SCCS-NY 2018 Plenaries main content.

SCCS-NY 2018 Plenaries

The role of conservation initiatives in Hurricane Maria response and energy transformation in Puerto Rico

by Arturo A. Massol-Deyá, Executive Director of Casa Pueblo; Professor, University of Puerto Rico

Professor, Department of Biology at the University of Puerto Rico; Associate Director, Casa Pueblo.Dr. Arturo A. Massol-Deyá is from the mountainous municipality of Adjuntas in Puerto Rico where his parents founded the community-based organization Casa Pueblo. Working to conserve the island’s biodiversity and to protect its critical watersheds from industrial activities such as mining, Casa Pueblo has led the establishment of two community-based protected forest areas - changing the Island's forestry policy and catalyzing an increase of protected areas from 3.7% to 8% of the land area.In the aftermath of Hurricane Maria that devastated Puerto Rico on September 20, 2017, Dr. Massol-Deyá worked together with Casa Pueblo to lead a community response that aimed to change the energy policies of a country that is dependent on fossil fuels to one based on renewable energy sources. Serving as an energy oasis, providing energy and equipment to those in need following the hurricane, the initiative demonstrates how community-based resource management can end reliance on fossil fuels while conserving natural resources and fulfilling its global responsibility to mitigate global warming and social inequalities.

People as ‘Agents of Change’: understanding and supporting stewardship to enhance resilience

by Erika Svendsen, Research Social Scientist, U.S. Forest Service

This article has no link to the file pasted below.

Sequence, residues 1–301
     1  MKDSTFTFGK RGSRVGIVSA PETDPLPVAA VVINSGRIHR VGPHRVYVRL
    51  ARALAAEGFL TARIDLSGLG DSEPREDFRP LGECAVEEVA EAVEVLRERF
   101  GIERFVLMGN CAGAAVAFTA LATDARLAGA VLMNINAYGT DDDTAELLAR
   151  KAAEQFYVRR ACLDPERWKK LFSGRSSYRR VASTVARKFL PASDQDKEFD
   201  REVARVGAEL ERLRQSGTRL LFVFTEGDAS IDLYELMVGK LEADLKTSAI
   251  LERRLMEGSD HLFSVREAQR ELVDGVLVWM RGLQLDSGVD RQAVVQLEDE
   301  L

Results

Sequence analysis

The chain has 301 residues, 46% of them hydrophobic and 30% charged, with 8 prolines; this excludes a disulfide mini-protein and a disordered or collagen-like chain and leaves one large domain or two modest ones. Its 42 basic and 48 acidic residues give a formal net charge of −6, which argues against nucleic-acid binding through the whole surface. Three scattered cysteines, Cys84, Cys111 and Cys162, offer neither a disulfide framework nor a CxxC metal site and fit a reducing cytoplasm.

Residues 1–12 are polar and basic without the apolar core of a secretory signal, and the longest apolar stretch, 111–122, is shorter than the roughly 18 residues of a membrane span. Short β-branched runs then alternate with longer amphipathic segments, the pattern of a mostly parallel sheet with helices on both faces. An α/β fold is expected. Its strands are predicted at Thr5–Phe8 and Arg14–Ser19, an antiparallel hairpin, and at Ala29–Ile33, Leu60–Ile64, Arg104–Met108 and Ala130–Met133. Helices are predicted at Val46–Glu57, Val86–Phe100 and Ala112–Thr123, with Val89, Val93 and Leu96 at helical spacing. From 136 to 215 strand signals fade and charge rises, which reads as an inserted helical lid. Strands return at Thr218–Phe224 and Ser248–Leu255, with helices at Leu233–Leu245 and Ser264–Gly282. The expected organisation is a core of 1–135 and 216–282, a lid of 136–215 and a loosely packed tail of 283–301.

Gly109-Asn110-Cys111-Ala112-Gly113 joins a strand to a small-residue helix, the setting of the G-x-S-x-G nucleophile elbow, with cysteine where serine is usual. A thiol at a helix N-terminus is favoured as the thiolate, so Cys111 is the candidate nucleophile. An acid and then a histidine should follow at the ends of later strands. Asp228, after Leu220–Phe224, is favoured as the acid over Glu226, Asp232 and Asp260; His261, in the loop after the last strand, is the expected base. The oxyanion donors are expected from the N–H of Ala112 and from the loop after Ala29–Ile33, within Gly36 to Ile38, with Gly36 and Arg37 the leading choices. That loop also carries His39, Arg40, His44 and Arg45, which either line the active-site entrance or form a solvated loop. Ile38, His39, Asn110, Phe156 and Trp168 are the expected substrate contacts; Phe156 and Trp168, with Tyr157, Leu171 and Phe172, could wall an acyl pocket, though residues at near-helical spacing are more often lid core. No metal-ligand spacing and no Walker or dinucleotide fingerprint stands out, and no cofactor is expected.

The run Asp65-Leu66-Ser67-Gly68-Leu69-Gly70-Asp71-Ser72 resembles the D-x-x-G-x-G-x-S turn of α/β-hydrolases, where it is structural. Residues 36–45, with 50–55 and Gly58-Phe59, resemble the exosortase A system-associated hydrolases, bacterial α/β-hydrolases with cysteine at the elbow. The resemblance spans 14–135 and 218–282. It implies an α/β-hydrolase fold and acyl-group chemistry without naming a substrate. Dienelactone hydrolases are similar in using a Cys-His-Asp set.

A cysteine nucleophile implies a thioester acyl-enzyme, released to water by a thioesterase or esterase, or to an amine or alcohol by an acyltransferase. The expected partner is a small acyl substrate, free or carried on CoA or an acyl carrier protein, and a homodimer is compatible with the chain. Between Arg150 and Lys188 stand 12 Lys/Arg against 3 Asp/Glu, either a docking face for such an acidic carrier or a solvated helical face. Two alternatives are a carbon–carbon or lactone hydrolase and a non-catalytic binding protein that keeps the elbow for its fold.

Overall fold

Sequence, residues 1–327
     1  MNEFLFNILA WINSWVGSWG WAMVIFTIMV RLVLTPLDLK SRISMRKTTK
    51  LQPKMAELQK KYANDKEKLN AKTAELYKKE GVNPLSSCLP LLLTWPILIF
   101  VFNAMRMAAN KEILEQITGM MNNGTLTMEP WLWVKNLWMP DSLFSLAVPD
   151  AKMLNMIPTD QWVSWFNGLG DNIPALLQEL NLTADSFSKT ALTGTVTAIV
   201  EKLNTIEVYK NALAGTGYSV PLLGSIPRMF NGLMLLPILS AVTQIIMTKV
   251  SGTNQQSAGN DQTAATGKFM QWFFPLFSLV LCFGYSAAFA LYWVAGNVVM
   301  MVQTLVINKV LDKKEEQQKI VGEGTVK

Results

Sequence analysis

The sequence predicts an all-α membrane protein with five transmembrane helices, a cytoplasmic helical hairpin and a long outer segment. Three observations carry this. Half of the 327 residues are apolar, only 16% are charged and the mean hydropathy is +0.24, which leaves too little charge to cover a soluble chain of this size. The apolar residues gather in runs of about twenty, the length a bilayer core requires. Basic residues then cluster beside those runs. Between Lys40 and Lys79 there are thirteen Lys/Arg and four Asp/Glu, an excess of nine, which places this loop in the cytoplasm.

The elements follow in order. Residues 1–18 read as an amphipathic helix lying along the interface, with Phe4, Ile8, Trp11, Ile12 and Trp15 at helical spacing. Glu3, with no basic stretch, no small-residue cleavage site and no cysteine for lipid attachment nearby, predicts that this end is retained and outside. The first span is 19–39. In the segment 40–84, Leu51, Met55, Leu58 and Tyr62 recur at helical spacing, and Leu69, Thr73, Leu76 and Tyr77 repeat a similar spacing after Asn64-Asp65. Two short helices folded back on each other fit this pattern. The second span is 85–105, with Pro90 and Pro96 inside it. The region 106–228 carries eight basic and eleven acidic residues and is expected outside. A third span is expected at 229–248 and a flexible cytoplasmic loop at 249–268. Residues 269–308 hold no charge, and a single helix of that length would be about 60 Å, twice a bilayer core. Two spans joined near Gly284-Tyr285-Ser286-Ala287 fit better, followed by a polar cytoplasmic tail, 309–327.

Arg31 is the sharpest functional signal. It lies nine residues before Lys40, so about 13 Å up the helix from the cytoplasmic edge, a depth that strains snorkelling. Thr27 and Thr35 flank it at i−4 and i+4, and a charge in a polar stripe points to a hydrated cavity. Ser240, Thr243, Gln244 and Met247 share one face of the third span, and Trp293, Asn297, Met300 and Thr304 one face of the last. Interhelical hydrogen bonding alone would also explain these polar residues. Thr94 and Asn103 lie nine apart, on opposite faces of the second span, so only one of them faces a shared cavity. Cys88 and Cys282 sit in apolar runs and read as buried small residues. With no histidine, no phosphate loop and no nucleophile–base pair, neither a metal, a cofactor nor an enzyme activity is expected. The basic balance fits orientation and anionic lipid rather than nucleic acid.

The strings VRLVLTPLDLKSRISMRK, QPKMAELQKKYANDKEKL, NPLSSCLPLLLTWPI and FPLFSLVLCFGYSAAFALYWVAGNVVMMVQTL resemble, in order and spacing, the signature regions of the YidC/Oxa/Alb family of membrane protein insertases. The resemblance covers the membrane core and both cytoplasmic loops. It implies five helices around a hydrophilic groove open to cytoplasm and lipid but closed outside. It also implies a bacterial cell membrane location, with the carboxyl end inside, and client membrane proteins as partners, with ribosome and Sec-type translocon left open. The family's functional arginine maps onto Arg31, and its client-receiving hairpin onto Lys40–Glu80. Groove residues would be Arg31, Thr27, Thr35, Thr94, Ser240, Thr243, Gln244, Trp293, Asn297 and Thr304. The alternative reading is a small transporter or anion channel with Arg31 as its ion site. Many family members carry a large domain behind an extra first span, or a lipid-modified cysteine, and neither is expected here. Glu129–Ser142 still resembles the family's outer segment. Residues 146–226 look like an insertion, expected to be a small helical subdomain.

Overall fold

Research Social Scientist, U.S. Forest Service. Dr. Erika Svendsen is a leader in the field of environmental stewardship as it relates to community development, governance, and human well-being. She is the co-Director of the New York City urban field station, a special partnership between the Forest Service, NYC Parks, and several NGOs and academic institutions. The goal of the field station is to join research and practice to improve the quality of life in urbanizing areas by conducting, supporting, and communicating research about social-ecological systems and natural resource management. The field station is part of a growing network of cities and agencies working to advance research, cultivate ideas, and foster collaboration among scientists and practitioners focused on urban forestry and ecology as they relate to social-cultural issues.Erika is co-author of the book, How Planting Trees Strengthens the Roots of Democracy. She has received the Forest Service Chief's Award for engaging urban America and an Early Career Scientist Award recognizing her co-development of STEW-MAP, a sustainability tool for assessing and visualizing the contributions of civic stewardship groups in caring for their local environment. Erika is also the former director of NYC Parks’ GreenThumb community gardening program and has worked for The Rockefeller Foundation on leadership issues in the field of environment and development.